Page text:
# Supervised Random Walk

This is one of the paper discussed and written in course Social Media Analysis 10-802 in Spring 2011

## Citation

Lars Backstrom & Jure Leskovec "Supervised Random Walks: Predicting and Recommending Links in Social Networks"

## Summary

This paper addresses the problem of Link Prediction using the method of Random walk with restart. Supervised Random Walk is interesting because it ranks the nodes based the network information and also using rich node and edge attributes that exist in the dataset. The method is supervised learning task where the goal is to learn the parameters of the function that assigns the strength of the edge (probability of taking that edge) such that a random walker is more likely to reach nodes to which new links will be created in future.

This method is used to recommend friends on Facebook dataset and also in predicting links in collaboration network in arXive database.

## Method

Typically, Random walk with restart involves giving probabilities to every edge, which indicate the probability of taking that edge by a random walker given he is at any one of the node on either side of the edge. These probabilities decide which nodes are closer to the node from which we restart our random walks. One simple method that is to assign each edge out of a given node equal probability. However, supervised random walk presented in this paper provides the method to learn the probabilities so that the random walker restarting from node s is more likely to reach the "positive" nodes than "negative" nodes. Positive nodes are the one for which the links were formed in the training dataset and negative nodes are rest all nodes which are not connected the nodes s. The method is formulated into an optimization problem for which an efficient estimation procedure is derived.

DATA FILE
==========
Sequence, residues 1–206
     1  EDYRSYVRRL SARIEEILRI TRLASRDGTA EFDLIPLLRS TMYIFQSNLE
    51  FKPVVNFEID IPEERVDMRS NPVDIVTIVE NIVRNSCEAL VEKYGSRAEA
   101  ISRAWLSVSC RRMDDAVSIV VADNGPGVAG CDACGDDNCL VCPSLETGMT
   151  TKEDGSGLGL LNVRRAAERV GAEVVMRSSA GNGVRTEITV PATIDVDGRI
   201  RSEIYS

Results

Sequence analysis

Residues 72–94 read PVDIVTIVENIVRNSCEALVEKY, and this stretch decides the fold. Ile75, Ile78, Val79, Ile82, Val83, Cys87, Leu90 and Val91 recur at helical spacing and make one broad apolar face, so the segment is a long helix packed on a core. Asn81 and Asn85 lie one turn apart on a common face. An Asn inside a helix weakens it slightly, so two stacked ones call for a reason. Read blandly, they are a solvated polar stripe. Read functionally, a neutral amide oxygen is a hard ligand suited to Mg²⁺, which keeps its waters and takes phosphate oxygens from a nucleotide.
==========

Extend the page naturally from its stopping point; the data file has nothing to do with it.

### Problem Formulation

Given a graph $G=(V,E)$ and the training data which has set of $D$ the positive nodes for which the links were formed by s and all other nodes in the graph to which linked were not formed as $L$ . Assume that we are learning the probability assignments for edges with respect to a single s. Each edge $(u,v)$ has a vector of features $\psi _{uv}$ , which could be features of the interaction between nodes $u,v$ or could be features on individual nodes $u,v$ . Also, if there is a function $f_{w}(\psi _{uv})=a_{uv}$ which is parameterized function that assigns edge strengths or probabilities $a_{uv}$ given feature vector $\psi _{uv}$ . The problem formulation is to learn the parameter, $w$ that such that if we do random walk with restarts from s on the graph where the edge strengths are assigned based $f_{w}$ , the random walk station distribution $p$ has property that for each $d\in D,l\in L\ \ p_{l} . This means that are more likely to reach the positive nodes $D$ than nodes in negative set $L$ . Hence, the optimization problem is to regularize the parameter vector satisfying this condition, which is given below.

$\min _{w}F(w)=||w||^{2}$ such that

$\forall d\in D,l\in L:p_{l} The above formulation is the "hard" constraint that the stationary probabilities of all negative scores should be less than that of a positive node. The constraint is relaxed by introducing an error function $h$ which is such that $h(p_{l}-p_{d})=0$ if $p_{l}-p_{d}<0$ however $h(p_{l}-p_{d})>0$ in case $p_{l}-p_{d}>0$ where the constraint is violated. With this "soft" constraints the following is the an optimization problem formulation